Leptanilla astylina

AntWiki - Where Ant Biologists Share Their Knowledge
Jump to: navigation, search
Leptanilla astylina
Scientific classification
Kingdom: Animalia
Phylum: Arthropoda
Class: Insecta
Order: Hymenoptera
Family: Formicidae
Subfamily: Leptanillinae
Tribe: Leptanillini
Genus: Leptanilla
Species: L. astylina
Binomial name
Leptanilla astylina
Petersen, 1968

Known only from the type male. The specimen was captured in a Malaise trap located in "primary forest."

Identification

Petersen (1968) - This new species is readily differentiated from all known male-based species of Leptanillinae by the shape of the genitalia and less obviously, by the wing venation. In other features it is principally very similar to other species placed in Leptanilla and Plaulomyrma. I have been able to compare it directly with the Leptanilla males described by Santchi (1907, 1908).

Petersen 1968. Figures 11-14.

The genitalia of L. astylina deviate from those of the Leptanilla species described by Santchi (figs. 11-13) in the following ways, 1) the gonocoxites do not meet ventrally, 2) the gonostyli are lacking, 3) the volsellar plates are not inflected, but horizontal, medially fused to form a single tongue-shaped structure, 4) the volsellar digiti are not rod-like and largely free, but proximally bifurcated and associated with the aedeagus, and 5) the aedeagus is laterally compressed distally, not forming a flattened shield. On almost the same grounds the new species can readily be separated from Phaulomyrma javana. It is also clearly different from Leptanilla santschii in the shape of the genitalia, but the absence of gonostyli is common to both species and may indicate some relationship, but even in this case L. astylina deviates to such an extent that it might deserve the erection of a new genus. However, at this state of our knowledge of the leptanillines I have found it premature to create a new genus formally and the species is enclosed in Leptanilla.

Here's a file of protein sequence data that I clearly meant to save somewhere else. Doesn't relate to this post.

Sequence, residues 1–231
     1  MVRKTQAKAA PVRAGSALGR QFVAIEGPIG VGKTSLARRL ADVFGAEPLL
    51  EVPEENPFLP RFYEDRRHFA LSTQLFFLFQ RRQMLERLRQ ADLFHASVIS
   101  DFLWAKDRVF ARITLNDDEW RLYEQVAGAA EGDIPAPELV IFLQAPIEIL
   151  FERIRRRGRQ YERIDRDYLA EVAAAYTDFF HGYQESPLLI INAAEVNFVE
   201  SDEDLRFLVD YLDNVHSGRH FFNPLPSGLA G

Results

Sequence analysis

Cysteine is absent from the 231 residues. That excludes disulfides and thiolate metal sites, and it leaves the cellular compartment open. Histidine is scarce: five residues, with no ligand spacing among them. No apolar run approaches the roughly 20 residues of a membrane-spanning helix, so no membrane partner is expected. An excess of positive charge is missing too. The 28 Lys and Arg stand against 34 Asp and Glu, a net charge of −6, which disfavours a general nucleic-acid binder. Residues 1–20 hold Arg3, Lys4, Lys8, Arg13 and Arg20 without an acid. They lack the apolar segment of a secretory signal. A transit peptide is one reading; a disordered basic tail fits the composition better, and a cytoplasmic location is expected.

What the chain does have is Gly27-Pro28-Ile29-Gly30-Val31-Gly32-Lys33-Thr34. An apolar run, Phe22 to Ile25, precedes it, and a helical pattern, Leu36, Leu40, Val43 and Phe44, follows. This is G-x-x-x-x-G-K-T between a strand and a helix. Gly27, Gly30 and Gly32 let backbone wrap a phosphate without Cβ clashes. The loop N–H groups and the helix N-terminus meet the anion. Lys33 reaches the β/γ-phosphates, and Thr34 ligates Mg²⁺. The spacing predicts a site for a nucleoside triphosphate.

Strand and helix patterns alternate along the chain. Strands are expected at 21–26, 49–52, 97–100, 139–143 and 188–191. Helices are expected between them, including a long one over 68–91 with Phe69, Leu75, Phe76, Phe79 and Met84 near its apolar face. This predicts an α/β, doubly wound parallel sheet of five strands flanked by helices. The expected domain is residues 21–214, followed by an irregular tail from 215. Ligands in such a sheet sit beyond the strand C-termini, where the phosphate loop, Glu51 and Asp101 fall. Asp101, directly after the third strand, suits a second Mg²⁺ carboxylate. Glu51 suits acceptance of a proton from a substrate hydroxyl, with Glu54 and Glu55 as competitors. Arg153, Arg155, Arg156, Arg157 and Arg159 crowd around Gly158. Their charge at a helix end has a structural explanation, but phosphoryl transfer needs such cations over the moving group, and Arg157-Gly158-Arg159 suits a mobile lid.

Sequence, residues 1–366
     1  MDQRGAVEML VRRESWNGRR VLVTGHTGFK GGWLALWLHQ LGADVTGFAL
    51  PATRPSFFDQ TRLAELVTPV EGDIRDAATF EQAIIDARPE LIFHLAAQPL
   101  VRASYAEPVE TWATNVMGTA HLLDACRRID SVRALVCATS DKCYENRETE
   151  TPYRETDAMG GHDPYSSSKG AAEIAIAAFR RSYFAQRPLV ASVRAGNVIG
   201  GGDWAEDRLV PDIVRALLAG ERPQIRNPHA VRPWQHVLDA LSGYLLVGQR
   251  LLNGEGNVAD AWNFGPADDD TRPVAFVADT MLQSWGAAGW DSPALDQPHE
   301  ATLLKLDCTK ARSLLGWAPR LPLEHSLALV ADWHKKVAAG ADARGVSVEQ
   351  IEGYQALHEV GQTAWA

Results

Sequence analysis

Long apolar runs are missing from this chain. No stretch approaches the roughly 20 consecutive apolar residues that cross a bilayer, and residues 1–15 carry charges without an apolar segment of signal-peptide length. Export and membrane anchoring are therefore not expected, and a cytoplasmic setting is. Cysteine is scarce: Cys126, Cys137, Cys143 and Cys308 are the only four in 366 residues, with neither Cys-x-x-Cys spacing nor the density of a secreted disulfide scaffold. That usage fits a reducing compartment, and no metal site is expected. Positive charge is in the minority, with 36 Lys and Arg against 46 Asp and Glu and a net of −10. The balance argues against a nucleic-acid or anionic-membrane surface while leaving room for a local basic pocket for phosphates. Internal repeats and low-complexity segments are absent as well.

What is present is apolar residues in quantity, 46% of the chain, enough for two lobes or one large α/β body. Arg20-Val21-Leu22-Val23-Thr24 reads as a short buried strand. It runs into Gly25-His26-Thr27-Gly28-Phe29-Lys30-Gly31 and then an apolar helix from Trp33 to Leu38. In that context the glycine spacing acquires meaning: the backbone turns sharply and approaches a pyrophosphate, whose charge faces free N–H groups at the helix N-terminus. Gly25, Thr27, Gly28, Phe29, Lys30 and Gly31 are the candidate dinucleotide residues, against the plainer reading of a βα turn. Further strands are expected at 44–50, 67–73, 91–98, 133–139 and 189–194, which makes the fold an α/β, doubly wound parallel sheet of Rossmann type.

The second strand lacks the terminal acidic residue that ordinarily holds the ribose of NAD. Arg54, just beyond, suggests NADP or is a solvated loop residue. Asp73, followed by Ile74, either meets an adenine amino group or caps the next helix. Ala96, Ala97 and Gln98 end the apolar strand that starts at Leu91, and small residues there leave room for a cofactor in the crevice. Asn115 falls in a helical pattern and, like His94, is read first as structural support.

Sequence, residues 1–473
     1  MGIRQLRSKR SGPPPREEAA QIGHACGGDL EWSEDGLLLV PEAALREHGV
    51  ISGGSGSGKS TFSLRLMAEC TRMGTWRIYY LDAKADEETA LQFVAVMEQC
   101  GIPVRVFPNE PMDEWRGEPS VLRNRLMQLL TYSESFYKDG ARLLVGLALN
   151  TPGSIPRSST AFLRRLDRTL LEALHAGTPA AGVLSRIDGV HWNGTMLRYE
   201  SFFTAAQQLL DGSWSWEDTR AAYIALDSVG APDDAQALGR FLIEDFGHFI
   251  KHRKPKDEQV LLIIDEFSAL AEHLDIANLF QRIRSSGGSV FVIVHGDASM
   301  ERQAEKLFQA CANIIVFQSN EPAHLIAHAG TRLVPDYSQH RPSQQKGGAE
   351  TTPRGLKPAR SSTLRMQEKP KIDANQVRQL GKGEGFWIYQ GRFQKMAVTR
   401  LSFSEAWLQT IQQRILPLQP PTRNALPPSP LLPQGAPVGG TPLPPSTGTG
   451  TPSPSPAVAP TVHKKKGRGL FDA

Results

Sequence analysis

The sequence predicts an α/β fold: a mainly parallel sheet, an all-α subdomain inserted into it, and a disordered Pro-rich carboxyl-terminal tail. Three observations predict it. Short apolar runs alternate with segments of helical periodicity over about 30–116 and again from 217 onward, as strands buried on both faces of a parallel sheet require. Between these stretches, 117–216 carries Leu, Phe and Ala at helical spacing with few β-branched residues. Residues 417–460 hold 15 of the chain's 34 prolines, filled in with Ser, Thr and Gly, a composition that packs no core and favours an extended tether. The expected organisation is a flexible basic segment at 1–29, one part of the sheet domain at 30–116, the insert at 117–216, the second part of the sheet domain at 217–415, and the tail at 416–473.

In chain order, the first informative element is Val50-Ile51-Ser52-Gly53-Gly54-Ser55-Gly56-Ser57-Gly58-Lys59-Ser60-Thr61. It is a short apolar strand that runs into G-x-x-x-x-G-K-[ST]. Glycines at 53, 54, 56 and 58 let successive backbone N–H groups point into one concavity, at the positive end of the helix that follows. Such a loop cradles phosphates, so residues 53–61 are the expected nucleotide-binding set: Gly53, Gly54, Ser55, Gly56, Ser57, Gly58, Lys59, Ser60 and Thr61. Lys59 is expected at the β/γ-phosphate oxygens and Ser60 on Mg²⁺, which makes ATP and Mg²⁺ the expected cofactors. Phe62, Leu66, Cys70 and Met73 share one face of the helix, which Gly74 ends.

The wing venation in L. astylina represents the most reduced state so far found in the Leptanillinae as only one vein is present, the subcosta. Some of the Leptanilla species described by Santchi were said to be veinless, but as shown below this is not true. Compared to the conditions in other Leptanilla species or Phaulomyrma the sub costa of astylina is relatively long and it ends rather abruptly without any tendency to continue in a marginalis.

Distribution

Distribution based on Regional Taxon Lists

Indo-Australian Region: Philippines (type locality).

Distribution based on AntMaps

AntMapLegend.png

Distribution based on AntWeb specimens

Check data from AntWeb

Biology

Castes

Nomenclature

The following information is derived from Barry Bolton's New General Catalogue, a catalogue of the world's ants.

  • astylina. Leptanilla astylina Petersen, 1968: 578, figs. 1-5 (m.) PHILIPPINES.

Unless otherwise noted the text for the remainder of this section is reported from the publication that includes the original description.

Description

Petersen 1968. Figures 2-5.

Male

Length without antennae about 1.15 mm., without protruding part of the genitalia about 1 mm.; antennae 0.6 mm.

Colour of the alcohol-preserved specimen light brownish to testaceous. Any kind of conspicuous sculpture lacking. Pilosity also inconspicuous, short semi-erect setae present all over, well spaced, longest on dorsal surfaces and on femora.